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Recalls - Draft Proposal 18

View PDF of the Recalls Section (61 KB)


Background 

Summary of Public Comments

Considerations

View All Recalls Draft Proposals

View Comments for this Proposal


Average Rating for this proposal (Based on 5 Ratings):

star ratingstar ratingTransparency Report Half Star

Draft Proposal
When a system is set up that provides FDA with authority to require companies to submit certain information to the Agency when they initiate an action to recover or correct a product that is in the chain of distribution, FDA should disclose this information as soon as practicable after receiving this information from the firm.

 

Reasoning: Where a recall is being conducted voluntarily, FDA cannot require recalling firms to submit to the Agency specific information about a defective or otherwise violative product on the market, and therefore, FDA may not be able to provide the public with information it may deem important for the public to know about a recalled product. 

Due to the current limitations of the Agency’s authority and its implications for FDA’s ability to protect the public health, FDA should seek authority that would require manufacturers and distributors to inform the Agency when they initiate an action to recover or correct a product that is in the chain of distribution due to a defect with the product, or is believed to be in violation of FDA laws and regulations. 

If recalling firms are required to provide FDA with basic information about every recall, including: the identity of the product that is being recovered or corrected, the estimated number of medical products (e.g., number of tablets or devices) or food items that are subject to recovery or correction, the reason for the action to recover or correct the product, and the geographic distribution of the product, FDA quickly could provide that information to the public, enhancing the Agency’s ability to protect the public health.  In addition, FDA could provide the public with consistent messages whenever an FDA-regulated product was recalled.

FDA is in the best position to ensure that useful, actionable information is provided to the public about a problem with an FDA-regulated product so that consumers can make informed decisions in response to a recall announcement.  In addition, with ready access to key information about a recalled product, health care providers can better evaluate a patient’s condition and provide appropriate care. 


Comments for this proposal 

(Total Received: 5)

Comment: This is very important and very needed to prevent any possible contamination taking place in the supply chain.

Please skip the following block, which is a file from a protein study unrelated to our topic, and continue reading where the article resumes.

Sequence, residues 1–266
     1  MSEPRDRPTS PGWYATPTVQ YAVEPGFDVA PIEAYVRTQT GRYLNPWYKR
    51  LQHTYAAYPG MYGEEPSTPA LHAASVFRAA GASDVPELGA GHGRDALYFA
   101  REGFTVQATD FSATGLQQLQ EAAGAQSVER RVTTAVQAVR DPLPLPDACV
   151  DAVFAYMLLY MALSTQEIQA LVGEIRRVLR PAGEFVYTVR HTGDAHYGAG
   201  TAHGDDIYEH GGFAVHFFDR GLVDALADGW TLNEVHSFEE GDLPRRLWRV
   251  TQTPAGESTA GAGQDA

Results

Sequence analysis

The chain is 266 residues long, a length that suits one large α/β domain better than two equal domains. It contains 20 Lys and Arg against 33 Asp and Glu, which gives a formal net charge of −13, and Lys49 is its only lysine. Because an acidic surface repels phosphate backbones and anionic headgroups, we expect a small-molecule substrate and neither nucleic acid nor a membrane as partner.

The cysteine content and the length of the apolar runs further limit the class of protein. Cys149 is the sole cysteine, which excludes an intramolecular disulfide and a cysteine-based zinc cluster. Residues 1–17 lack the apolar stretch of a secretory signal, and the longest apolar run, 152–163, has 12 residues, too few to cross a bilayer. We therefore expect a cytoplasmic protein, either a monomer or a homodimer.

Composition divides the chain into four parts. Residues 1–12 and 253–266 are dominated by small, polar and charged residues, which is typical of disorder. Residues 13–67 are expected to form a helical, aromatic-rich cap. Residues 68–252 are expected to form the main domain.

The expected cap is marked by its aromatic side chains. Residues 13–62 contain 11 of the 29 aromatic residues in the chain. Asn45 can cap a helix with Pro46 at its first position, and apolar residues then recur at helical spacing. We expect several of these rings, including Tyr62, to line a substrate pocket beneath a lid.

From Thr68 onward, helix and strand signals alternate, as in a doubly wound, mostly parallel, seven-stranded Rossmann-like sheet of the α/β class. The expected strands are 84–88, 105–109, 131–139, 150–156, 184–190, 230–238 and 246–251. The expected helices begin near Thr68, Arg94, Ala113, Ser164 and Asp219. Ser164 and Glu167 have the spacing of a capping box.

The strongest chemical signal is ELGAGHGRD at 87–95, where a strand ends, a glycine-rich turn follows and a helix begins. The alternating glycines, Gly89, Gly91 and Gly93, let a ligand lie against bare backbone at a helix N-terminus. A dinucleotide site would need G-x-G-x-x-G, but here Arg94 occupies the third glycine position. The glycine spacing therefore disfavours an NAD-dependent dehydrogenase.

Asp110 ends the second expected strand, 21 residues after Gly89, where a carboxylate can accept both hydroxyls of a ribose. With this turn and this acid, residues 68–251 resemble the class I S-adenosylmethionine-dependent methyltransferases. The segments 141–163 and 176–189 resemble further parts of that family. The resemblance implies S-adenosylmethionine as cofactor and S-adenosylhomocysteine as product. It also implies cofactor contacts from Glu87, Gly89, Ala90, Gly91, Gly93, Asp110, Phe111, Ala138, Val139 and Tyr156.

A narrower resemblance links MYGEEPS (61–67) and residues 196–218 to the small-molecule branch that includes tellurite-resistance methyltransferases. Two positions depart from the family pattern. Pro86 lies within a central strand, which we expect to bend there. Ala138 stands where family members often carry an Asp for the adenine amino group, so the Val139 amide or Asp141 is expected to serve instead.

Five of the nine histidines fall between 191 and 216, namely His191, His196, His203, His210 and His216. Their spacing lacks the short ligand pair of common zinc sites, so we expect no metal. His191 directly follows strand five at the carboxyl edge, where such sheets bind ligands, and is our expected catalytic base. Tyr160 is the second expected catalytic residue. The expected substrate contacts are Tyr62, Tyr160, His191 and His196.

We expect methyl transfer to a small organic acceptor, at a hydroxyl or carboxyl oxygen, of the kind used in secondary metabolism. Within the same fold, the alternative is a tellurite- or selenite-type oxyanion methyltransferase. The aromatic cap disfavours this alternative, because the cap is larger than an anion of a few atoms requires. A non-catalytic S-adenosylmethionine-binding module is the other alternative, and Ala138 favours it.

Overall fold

Date Submitted: 5/22/2010
Comment: A very important proposal. It's hard to believe that FDA does not already have the needed authority.
Date Submitted: 7/17/2010
Comment: CRN is concerned that if the Agency receives additional authority on recalls, which may require manufacturers and distributors to inform the agency when they initiate an action to recover or correct a product that is in the chain of distribution. If companies are required to provide additional information such as identity of product, estimated number in distribution, reason for action, and geographic distribution, the result may be that companies raise the threshold for initiating corrective action and discourage recalls in situations where urgent action might be needed. A company may hesitate to initiate a corrective action for a minor container defect of label misprint—a situation that does not pose a risk of adverse health effects— due to fear of potential confusion caused by this information being immediately made available to the public by FDA. In addition, if the public is made aware of every corrective action, no matter how minor, they may become overburdened with information
Date Submitted: 7/19/2010
Comment:In addition, if the public is made aware of every corrective action, no matter how minor, they may become overburdened with information and start to ignore FDA’s attempts to communicate information about important recalls that do have potential for serious adverse health threats to the public (Class I and Class II recalls). Therefore, CRN does not support Draft Proposal 18
Date Submitted: 7/19/2010
Comment: This soujds like it could lead to chaos, if things are disclosed early then changed, then changed again, rather than being reported when more details are known.
Date Submitted: 7/20/2010